The Border Gateway Protocol (BGP) was designed without security in mind. Until today, this fact makes the Internet vulnerable to hijacking attacks that intercept or blackhole Internet traffic. So far, significant effort has been put into the detection of IP prefix hijacking, while AS hijacking has received little attention. AS hijacking is more sophisticated than IP prefix hijacking, and is aimed at a long-term benefit such as over a duration of months. In this paper, we study a malicious case of AS hijacking, carried out in order to send spam from the victim's network. We thoroughly investigate this AS hijacking incident using live data from both the control and the data plane. Our analysis yields insights into how an attacker proceeded in order to covertly hijack a whole autonomous system, how he misled an upstream provider, and how he used an unallocated address space. We further show that state of the art techniques to prevent hijacking are not fully capable of dealing with this kind of attack. We also derive guidelines on how to conduct future forensic studies of AS hijacking. Our findings show that there is a need for preventive measures that would allow to anticipate AS hijacking and we outline the design of an early warning system.

    Fabian E. Bustamante
  • Zhe Wu, Harsha V. Madhyastha

    To minimize user-perceived latencies, webservices are often deployed across multiple geographically distributed data centers. The premise of our work is that webservices deployed across multiple cloud infrastructure services can serve users from more data centers than that possible when using a single cloud service, and hence, offer lower latencies to users. In this paper, we conduct a comprehensive measurement study to understand the potential latency benefits of deploying webservices across three popular cloud infrastructure services - Amazon EC2, Google Compute Engine (GCE), and Microsoft Azure. We estimate that, as compared to deployments on one of these cloud services, users in up to half the IP address prefixes can have their RTTs reduced by over 20% when a webservice is deployed across the three cloud services. When we dig deeper to understand these latency benefits, we make three significant observations. First, when webservices shift from single-cloud to multi-cloud deployments, a significant fraction of prefixes will see latency benefits simply by being served from a different data center in the same location. This is because routing inefficiencies that exist between a prefix and a nearby data center in one cloud service are absent on the path from the prefix to a nearby data center in a different cloud service. Second, despite the latency improvements that a large fraction of prefixes will perceive, users in several locations (e.g., Argentina and Israel) will continue to incur RTTs greater than 100ms even when webservices span three large-scale cloud services (EC2, GCE, and Azure). Finally, we see that harnessing the latency benefits offered by multi-cloud deployments is likely to be challenging in practice; our measurements show that the data center which offers the lowest latency to a prefix often fluctuates between different cloud services, thus necessitating replication of data.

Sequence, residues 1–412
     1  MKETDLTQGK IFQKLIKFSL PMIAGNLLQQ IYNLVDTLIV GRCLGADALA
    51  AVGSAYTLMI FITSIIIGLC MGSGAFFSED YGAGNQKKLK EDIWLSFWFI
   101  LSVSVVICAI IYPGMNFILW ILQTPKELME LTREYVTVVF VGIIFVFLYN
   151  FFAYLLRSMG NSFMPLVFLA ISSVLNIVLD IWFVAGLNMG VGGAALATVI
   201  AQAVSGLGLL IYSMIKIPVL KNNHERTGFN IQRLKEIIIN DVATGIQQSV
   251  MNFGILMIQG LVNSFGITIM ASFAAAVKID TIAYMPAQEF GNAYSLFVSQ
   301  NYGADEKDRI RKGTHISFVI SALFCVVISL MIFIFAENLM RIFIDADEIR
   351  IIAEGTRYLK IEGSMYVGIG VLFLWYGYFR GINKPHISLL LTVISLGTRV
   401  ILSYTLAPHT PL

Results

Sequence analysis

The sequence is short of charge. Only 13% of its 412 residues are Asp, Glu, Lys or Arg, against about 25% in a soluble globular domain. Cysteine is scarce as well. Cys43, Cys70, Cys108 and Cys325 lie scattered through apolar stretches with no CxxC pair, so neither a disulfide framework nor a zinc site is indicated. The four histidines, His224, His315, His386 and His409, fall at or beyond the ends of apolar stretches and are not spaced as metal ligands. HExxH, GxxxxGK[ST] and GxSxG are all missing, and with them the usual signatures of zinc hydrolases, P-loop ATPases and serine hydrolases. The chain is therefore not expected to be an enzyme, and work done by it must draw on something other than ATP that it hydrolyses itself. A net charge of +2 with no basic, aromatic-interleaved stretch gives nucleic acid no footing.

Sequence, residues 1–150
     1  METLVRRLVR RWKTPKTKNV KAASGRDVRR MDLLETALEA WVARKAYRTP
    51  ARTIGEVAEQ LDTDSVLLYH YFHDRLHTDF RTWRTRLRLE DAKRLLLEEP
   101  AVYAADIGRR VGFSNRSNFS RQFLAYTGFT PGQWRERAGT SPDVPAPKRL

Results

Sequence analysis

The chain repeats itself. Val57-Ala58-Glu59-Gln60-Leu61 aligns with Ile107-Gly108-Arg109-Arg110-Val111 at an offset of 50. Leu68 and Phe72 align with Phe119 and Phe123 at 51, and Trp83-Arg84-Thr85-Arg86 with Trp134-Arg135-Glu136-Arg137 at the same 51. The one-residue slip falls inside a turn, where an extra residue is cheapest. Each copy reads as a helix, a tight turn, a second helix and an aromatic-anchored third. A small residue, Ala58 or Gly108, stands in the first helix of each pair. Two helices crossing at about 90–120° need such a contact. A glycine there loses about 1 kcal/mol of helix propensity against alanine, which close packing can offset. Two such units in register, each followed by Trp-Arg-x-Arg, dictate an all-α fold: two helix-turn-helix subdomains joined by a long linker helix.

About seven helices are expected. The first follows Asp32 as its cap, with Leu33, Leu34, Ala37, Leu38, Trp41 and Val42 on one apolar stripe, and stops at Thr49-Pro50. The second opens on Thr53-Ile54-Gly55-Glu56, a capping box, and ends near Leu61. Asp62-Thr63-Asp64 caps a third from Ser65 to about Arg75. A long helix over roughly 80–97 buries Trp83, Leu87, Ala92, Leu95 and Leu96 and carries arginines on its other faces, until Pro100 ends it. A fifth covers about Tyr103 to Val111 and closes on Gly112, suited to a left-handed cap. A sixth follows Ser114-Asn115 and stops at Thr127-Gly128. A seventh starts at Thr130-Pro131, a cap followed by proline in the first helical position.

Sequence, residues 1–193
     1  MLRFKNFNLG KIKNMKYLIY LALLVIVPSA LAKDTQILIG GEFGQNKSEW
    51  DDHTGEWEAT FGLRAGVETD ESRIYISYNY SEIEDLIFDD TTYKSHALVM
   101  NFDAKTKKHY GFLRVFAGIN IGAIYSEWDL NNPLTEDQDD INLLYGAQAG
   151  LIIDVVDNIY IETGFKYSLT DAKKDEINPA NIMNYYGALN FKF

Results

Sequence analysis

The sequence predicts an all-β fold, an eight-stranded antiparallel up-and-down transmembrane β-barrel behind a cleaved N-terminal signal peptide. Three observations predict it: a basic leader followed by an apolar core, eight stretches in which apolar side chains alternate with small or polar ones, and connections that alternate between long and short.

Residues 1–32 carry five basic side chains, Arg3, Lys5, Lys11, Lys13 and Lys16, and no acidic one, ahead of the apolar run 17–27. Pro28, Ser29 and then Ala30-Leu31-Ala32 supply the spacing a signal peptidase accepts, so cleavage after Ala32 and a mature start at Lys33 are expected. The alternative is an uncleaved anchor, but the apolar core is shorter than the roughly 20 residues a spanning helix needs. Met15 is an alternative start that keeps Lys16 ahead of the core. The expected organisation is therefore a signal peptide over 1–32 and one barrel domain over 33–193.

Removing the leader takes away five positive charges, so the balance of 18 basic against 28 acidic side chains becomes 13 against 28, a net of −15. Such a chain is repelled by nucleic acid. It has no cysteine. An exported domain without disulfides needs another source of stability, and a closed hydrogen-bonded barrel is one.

Katerina Argyraki
  • Yao Liang, Rui Liu

    We consider an important problem of wireless sensor network (WSN) routing topology inference/tomography from indirect measurements observed at the data sink. Previous studies on WSN topology tomography are restricted to static routing tree estimation, which is unrealistic in real-world WSN time-varying routing due to wireless channel dynamics. We study general WSN routing topology inference where routing structure is dynamic. We formulate the problem as a novel compressed sensing problem. We then devise a suite of decoding algorithms to recover the routing path of each aggregated measurement. Our approach is tested and evaluated though simulations with favorable results. WSN routing topology inference capability is essential for routing improvement, topology control, anomaly detection and load balance to enable effective network management and optimized operations of deployed WSNs.

    Augustin Chaintreau
  • Davide Simoncelli, Maurizio Dusi, Francesco Gringoli, Saverio Niccolini

    Recent work in network measurements focuses on scaling the performance of monitoring platforms to 10Gb/s and beyond. Concurrently, IT community focuses on scaling the analysis of big-data over a cluster of nodes. So far, combinations of these approaches have targeted flexibility and usability over real-timeliness of results and efficient allocation of resources. In this paper we show how to meet both objectives with BlockMon, a network monitoring platform originally designed to work on a single node, which we extended to run distributed stream-data analytics tasks. We compare its performance against Storm and Apache S4, the state-of-the-art open-source stream-processing platforms, by implementing a phone call anomaly detection system and a Twitter trending algorithm: our enhanced BlockMon has a gain in performance of over 2.5x and 23x, respectively. Given the different nature of those applications and the performance of BlockMon as single-node network monitor [1], we expect our results to hold for a broad range of applications, making distributed BlockMon a good candidate for the convergence of network-measurement and IT-analysis platforms.

    Konstantina Papagiannaki
  • Damien Saucez, Luigi Iannone, Benoit Donnet